I wasn’t sure how this day was going to end, who would be returning to Accra, who was staying, and when we would get home. Yesterday, when I was waiting around with the girls, Ruth said she was staying here with her mother, while Anna said she was going back with her father. I had heard nothing of this other than the brother-in-law that Emmanuel disliked so was planning to return with us today, the family would not have him, they said.
That first day, on Saturday when we were going to visit Vida’s sister in Ayem, Emmanuel and his father-in-law got into quite a discussion about Cory, and at one time I remember him shifting into English saying “You are a bad father!” Things got very tense, and I was looking forward to see how this worked out. Cory was of course, back in Mpoho at the “Guest Lodge” and so they could talk freely, with Vida and myself and the girls in the car. When we go there all was smiles, and we dropped him off, and picked up some new passengers.
It seems like every time we got into the car, the passenger list changed. People would be added, subtracted, and I got the feeling that I was their driver. It is OK, I know I’m being used, but I’m using Emmanuel too. I’m seeing things, and getting to visit places I would not normally get to visit as a white man. I’ve taken about 600 pictures and not once been hassled, or had to dash somebody or buy a permit to take pictures.
In Africa they say, it is allowable to have friendships based on mutual assistance, or to the mutual benefit to each part. They don’t have to be based on friendship, and I feel a degree of that during this trip. From time to time I have to put my foot down and say, no, but mostly I’m along for the ride, or really to drive the ride.
Today the plan is to go to BOPP, the giant palm oil processing plant in the area. It is an hours drive there and when we arrive we learn that there is no one there to approve the plant visit, so we are turned away. Emmanuel decides to visit the home of his ancestors, and we spend a few hours creeping our way through the town of Banso. He just doesn’t get the whole car thing I think sometimes, or doesn’t understand the danger in it all. At one point we’re driving down this road, I’m being really kind here, it is really just the space between peoples homes, and the ditch that runs through town, he is directing me here and there, and while I’m being very careful to creep along at 5 KPH, it is rough road, and when he wants me to turn down yet another “road” I balk. “We can walk, “ I say, but that is not really the point is it. The point is to arrive in a car. Later I explain to him that in Accra, I will park the car and walk a half hour just to avoid driving on Oxford Street, a busy street near us which is always and all times is a traffic jam. It is a concept that he has clearly new to him. I’m figuring out that cars are not so much about transportation, as they are for arriving in, or more clearly to be seen climbing in and out of, and I’ve had enough of it. We park and walk, and get there a whole lot faster (and safer). Ah, cross-culturalism. I’m also cranky because we’ve been without water now for the whole morning, he came in my room and collected my water, and so I’ve been without, it is really hot, and he doesn’t like it when I run the AC. At the next stop I ask for a coke, anything, to drink as it is almost noon and I’m sure not going to be drinking out of the water bottle he has been sipping on all morning.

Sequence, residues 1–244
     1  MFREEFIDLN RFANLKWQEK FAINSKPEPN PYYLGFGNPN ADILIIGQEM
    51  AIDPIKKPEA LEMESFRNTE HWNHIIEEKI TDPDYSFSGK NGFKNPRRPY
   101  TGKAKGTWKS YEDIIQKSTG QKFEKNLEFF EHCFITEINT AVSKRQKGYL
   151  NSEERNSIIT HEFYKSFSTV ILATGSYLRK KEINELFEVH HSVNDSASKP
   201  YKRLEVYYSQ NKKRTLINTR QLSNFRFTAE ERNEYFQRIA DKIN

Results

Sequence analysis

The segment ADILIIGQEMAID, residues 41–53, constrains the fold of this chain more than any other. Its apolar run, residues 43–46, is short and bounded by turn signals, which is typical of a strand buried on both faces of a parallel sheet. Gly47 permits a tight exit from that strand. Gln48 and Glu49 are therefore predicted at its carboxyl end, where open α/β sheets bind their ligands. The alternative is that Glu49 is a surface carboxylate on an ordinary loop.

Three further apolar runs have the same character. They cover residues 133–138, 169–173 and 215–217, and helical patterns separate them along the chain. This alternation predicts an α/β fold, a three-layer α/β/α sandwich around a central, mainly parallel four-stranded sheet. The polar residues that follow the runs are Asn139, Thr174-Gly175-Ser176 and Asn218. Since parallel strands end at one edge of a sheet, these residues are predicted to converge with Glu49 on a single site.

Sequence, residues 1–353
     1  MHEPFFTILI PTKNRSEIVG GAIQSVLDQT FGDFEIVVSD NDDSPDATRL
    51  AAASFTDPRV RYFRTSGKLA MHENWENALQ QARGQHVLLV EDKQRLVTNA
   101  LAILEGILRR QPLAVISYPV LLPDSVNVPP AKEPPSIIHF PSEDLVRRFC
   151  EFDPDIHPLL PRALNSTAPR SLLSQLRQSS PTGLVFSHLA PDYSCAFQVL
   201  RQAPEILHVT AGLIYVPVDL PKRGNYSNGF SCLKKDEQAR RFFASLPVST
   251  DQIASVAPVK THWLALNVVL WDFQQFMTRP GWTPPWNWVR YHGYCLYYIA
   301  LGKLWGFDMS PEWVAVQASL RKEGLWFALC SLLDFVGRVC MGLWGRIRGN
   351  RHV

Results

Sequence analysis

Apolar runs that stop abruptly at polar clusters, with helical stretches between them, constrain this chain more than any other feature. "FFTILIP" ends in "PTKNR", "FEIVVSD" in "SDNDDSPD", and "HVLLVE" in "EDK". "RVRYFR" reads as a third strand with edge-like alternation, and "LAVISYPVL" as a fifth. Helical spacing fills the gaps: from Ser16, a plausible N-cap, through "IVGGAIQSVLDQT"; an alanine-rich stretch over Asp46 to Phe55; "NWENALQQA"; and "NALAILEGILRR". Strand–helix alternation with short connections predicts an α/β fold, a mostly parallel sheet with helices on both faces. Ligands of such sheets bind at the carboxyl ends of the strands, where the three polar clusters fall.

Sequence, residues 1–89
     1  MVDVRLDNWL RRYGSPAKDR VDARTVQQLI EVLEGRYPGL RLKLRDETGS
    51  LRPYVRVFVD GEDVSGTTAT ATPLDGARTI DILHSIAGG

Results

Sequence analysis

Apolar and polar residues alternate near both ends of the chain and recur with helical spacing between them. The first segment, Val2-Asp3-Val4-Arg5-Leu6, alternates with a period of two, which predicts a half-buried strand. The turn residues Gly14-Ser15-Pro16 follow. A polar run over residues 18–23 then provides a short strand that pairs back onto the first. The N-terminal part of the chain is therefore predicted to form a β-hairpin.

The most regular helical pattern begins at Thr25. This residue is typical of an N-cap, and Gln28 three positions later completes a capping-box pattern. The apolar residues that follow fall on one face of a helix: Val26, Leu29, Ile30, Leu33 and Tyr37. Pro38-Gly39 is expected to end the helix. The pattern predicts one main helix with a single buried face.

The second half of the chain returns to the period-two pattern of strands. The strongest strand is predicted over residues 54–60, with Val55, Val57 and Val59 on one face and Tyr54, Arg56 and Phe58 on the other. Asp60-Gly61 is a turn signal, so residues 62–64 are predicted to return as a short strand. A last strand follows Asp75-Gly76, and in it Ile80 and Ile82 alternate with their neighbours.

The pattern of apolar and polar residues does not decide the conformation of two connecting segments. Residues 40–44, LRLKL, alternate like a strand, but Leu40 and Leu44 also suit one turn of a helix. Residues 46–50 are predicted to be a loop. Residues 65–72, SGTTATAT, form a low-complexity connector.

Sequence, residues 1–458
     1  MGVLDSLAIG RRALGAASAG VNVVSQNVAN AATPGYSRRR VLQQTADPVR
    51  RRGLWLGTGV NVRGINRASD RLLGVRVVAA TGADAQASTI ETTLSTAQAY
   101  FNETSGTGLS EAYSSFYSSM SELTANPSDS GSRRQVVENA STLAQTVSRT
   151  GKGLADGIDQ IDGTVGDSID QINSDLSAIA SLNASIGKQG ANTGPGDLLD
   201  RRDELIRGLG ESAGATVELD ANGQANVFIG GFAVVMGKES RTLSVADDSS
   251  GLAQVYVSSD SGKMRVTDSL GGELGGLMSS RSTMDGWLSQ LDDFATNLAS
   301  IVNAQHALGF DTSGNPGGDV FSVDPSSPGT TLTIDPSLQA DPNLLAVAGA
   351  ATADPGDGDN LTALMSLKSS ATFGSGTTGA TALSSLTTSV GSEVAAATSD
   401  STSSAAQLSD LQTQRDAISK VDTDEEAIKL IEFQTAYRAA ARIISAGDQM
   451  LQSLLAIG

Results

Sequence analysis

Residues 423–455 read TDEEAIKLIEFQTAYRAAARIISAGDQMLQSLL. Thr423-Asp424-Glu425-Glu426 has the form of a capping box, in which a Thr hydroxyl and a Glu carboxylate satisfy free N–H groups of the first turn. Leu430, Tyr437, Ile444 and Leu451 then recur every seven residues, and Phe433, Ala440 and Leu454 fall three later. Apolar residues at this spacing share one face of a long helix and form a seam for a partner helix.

We get to the great uncle’s house–by walking–and finally sit down, and again we are asked, what is our mission, Emmanuel goes into it with great detail and when they are about to shake hands, I add, “and there is nobody chasing us, so you don’t have to hide us under your bed.” The room erupts with laughter. You get us, obrunie, I can see it in their eyes. I’ve been in about five Ghanaian village homes this trip and am beginning to see a trend. A typical room is about 15×20 feet and divided in half by a floor to ceiling sheet. Behind the sheet is a double bed and there may or may not be a window in that part of the room. On this side of the sheet there are five wooden chairs, a table for the TV, and a coffee table. The chair cushions are covered with a bright blue covering that often has some biblical saying or concept, like God is Great. The bed also serves double duty as an overflow couch, but people sit on the sheet divider. It is a compact yet highly functional arrangement. Cooking is done outside on open flames or charcoal, but I am not sure where they eat. I am guessing outside.
When the cokes are finished, we say good bye and head off to the Guest House, when I see the twin spires of a catholic church, Notre Dame of Ghana I nickname it. We drive into the church yard, actually a school yard and I get out to take pictures. It isn’t long before the headmaster is out there asking me what I am doing, thankfully he doesn’t ask my mission, or I’d have to go into the whole narrative thing, instead I explain I would like to take pictures of this church building because it has an unusual structure. Actually, I’ve ready taken several, as I have learned that sometimes people like this get all authorian with me and ask to see my credentials, or permit, or some other ridiculous documentation, but none of that is happening today.